Queen Elizabeth II, the UK's longest-serving monarch, has died at Balmoral aged 96, after reigning for 70 years.

She died peacefully on Thursday afternoon at her Scottish estate, where she had spent much of the summer.

The Queen came to the throne in 1952 and witnessed enormous social change.

Her son King Charles III said the death of his beloved mother was a "moment of great sadness" for him and his family and that her loss would be "deeply felt" around the world.

He said: "We mourn profoundly the passing of a cherished sovereign and a much-loved mother.

Prime Minister Liz Truss, who was appointed by the Queen on Tuesday, said the monarch was the rock on which modern Britain was built, who had "provided us with the stability and strength that we needed"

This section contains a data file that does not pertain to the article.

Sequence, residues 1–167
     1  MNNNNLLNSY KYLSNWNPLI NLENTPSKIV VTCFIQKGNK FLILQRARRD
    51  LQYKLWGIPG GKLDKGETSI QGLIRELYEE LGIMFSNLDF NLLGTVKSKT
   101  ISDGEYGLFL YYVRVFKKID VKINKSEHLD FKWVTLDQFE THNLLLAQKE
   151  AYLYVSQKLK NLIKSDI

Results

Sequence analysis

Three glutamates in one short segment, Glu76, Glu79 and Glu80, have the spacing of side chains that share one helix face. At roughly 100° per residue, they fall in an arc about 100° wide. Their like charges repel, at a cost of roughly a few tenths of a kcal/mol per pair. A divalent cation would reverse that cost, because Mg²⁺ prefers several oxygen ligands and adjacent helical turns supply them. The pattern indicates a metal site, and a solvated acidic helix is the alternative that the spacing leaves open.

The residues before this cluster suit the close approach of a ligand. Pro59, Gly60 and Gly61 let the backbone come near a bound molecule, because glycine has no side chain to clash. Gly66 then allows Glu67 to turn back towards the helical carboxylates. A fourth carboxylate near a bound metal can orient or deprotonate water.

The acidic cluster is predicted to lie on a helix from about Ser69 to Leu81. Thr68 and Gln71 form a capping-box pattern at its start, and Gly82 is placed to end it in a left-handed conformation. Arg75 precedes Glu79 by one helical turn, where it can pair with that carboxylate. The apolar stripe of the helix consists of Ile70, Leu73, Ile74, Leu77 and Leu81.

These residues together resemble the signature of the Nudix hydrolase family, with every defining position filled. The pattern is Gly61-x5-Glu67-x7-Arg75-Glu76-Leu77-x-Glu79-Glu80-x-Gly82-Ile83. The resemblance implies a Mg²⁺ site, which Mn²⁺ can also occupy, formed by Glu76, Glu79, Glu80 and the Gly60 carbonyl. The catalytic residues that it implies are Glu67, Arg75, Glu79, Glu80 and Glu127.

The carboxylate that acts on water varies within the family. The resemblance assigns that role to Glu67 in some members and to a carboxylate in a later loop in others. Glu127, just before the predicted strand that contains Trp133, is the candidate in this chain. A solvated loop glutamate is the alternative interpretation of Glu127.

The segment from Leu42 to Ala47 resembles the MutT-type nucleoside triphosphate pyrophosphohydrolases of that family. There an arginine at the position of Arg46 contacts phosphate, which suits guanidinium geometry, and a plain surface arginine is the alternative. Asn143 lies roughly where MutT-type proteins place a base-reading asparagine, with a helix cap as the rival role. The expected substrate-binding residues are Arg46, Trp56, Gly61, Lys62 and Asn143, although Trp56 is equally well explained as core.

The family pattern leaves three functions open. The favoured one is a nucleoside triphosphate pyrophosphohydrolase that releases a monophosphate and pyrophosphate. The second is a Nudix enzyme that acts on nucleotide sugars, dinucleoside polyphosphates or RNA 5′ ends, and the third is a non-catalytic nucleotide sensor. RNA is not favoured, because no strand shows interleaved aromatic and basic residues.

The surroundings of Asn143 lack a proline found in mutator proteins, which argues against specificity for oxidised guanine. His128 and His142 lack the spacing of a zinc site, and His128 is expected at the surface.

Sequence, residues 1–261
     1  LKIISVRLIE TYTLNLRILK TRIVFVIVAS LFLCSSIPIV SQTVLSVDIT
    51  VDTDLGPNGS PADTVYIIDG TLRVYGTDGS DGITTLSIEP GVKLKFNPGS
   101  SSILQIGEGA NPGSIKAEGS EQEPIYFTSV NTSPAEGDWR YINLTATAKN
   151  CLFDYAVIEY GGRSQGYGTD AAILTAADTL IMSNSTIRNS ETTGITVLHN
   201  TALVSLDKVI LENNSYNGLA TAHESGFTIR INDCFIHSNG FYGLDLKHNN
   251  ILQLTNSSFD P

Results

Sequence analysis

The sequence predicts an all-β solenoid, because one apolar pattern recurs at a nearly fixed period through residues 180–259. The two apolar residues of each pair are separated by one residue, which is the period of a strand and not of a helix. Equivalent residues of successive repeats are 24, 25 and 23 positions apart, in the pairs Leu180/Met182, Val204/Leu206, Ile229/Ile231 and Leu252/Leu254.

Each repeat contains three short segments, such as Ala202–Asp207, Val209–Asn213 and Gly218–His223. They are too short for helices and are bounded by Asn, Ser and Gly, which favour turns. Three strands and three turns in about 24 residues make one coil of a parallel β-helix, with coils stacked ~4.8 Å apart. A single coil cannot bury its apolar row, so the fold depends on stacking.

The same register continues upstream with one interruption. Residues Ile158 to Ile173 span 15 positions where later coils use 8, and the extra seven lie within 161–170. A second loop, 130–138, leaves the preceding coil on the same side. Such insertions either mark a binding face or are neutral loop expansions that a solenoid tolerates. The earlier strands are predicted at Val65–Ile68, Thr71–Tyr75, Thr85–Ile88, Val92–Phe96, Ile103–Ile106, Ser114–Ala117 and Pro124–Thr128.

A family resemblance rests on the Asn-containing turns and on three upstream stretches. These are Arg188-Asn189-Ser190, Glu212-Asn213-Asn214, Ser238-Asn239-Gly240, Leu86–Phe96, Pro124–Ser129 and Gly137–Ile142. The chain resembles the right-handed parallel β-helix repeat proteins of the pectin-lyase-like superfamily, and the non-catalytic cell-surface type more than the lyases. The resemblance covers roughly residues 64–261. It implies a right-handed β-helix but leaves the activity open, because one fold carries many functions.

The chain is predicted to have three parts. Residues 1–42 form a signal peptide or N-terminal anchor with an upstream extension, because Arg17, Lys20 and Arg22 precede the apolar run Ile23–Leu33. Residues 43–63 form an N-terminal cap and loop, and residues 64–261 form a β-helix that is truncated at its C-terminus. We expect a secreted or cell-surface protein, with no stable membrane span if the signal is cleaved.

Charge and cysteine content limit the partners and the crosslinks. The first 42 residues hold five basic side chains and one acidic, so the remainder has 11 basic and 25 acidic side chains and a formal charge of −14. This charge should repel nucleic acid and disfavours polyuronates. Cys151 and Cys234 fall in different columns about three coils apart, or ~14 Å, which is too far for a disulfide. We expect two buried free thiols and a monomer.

Queen Elizabeth II's tenure as head of state spanned post-war austerity, the transition from empire to Commonwealth, the end of the Cold War and the UK's entry into - and withdrawal from - the European Union.

Her reign spanned 15 prime ministers starting with Winston Churchill, born in 1874, and including Ms Truss, born 101 years later in 1975.

The Queen was born Elizabeth Alexandra Mary Windsor, in Mayfair, London, on 21 April 1926.

Their first son, Charles, was born in 1948, followed by Princess Anne, in 1950, Prince Andrew, in 1960, and Prince Edward, in 1964. Between them, they gave their parents eight grandchildren and 12 great-grandchildren.